Preserving Vegetables

There are many tried and true methods for preserving food. Some of the best methods just so happen to be the easiest! Drying herbs is a great way to keep them and use them for seasoning throughout the winter. This can be done in your oven on a low temperature, in a food dehydrator, or even hanging in a cool, dark place with airflow! Freezing, salting, fermenting, pickling, and canning are also great methods to preserve your food. 

Learning about food preservation can certainly be a rabbit hole to dive into but can be easily integrated into your regular garden tasks and harvest routine. 

Indoor Gardening

Gardening inside is a great way to get fresh greens right at your kitchen counter. Growing microgreens or sprouting seeds is a low-labor way to do this! 


Microgreens are the young seedlings of vegetables. Broccoli, radish, peas, sunflower seed, beets, and chard are only some of the seeds you can use for microgreens! They can be grown on the kitchen counter in a shallow container of soil. They are harvested by cutting away the leafy stems from the roots above the soil line. Typically, they are ready to harvest within two to three weeks depending on the seed you’re using.

Sproutings Seeds

Sprouting seeds, alternatively, are ready to eat within a week. No soil needed. All you need is a jar with a mesh or screen top and a little water! Sprouting seeds are literally the sprouted seed and the entire plant is eaten on sandwiches, salads, or a garnish for soup!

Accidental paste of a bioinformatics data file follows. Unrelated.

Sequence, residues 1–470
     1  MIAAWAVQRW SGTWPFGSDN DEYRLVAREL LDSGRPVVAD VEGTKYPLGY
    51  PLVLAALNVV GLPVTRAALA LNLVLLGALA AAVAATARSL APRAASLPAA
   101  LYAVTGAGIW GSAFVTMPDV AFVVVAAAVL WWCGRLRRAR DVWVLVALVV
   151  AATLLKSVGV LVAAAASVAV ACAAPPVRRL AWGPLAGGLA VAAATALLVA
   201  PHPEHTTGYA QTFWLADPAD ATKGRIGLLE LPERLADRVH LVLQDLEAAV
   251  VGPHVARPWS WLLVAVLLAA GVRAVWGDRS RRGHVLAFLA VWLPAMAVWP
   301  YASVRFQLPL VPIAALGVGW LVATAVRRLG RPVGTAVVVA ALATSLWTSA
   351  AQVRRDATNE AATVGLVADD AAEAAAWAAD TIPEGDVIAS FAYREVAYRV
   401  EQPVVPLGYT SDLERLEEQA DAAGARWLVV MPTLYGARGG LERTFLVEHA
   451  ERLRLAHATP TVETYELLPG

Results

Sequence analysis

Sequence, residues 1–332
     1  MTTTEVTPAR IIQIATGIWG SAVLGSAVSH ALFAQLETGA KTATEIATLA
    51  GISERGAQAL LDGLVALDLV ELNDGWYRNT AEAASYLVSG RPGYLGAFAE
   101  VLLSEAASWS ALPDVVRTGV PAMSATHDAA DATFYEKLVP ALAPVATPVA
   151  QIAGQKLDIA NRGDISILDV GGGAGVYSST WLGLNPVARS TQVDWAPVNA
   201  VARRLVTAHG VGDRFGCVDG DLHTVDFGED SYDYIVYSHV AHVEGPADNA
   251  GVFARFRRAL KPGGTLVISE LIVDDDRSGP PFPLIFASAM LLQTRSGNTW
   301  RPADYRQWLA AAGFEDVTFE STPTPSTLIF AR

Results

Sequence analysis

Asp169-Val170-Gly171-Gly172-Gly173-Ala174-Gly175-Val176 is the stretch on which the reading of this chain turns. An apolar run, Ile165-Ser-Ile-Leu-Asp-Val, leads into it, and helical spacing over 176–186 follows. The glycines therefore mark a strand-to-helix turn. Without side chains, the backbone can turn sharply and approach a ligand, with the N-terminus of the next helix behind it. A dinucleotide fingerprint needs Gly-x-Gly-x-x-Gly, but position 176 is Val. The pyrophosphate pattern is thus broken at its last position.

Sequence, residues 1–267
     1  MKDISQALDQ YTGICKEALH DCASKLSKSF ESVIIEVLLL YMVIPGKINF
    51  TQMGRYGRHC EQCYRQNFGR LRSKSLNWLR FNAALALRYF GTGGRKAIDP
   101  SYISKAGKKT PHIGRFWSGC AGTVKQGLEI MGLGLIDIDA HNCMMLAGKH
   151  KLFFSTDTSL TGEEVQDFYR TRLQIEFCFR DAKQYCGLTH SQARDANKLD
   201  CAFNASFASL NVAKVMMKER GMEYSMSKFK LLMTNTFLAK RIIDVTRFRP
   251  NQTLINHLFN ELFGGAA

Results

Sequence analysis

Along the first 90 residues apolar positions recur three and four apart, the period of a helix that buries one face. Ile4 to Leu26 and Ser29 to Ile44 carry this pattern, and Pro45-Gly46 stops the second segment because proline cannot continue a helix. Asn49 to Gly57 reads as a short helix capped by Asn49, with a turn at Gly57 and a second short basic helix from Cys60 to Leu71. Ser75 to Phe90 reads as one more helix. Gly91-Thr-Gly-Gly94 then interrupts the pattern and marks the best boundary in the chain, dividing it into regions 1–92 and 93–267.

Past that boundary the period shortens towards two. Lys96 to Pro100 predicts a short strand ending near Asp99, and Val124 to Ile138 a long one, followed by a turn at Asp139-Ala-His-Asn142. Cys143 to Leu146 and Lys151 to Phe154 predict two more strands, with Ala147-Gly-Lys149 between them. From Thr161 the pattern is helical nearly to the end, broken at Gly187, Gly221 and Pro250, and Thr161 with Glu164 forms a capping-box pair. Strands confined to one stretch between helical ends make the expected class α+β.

Overwintering vegetables isn’t always easy and can certainly take a learning curve. But the joy of it is, when you try to extend your season, you end up enjoying a much longer harvest than other gardeners. And year after year you learn more and more. 

Frosts and deep cold weather can eventually take out nearly any plant, but fear not! At least you won’t be fighting pests!


Article Written by: Hannah Gibbons

About the Author: Hannah Gibbons, an employee at Sow True Seed since 2020, has nearly a decade of experience in the agricultural industry. Their passion for environmental education and regenerative agriculture has been the cornerstone of their work, aimed at making gardening accessible to all.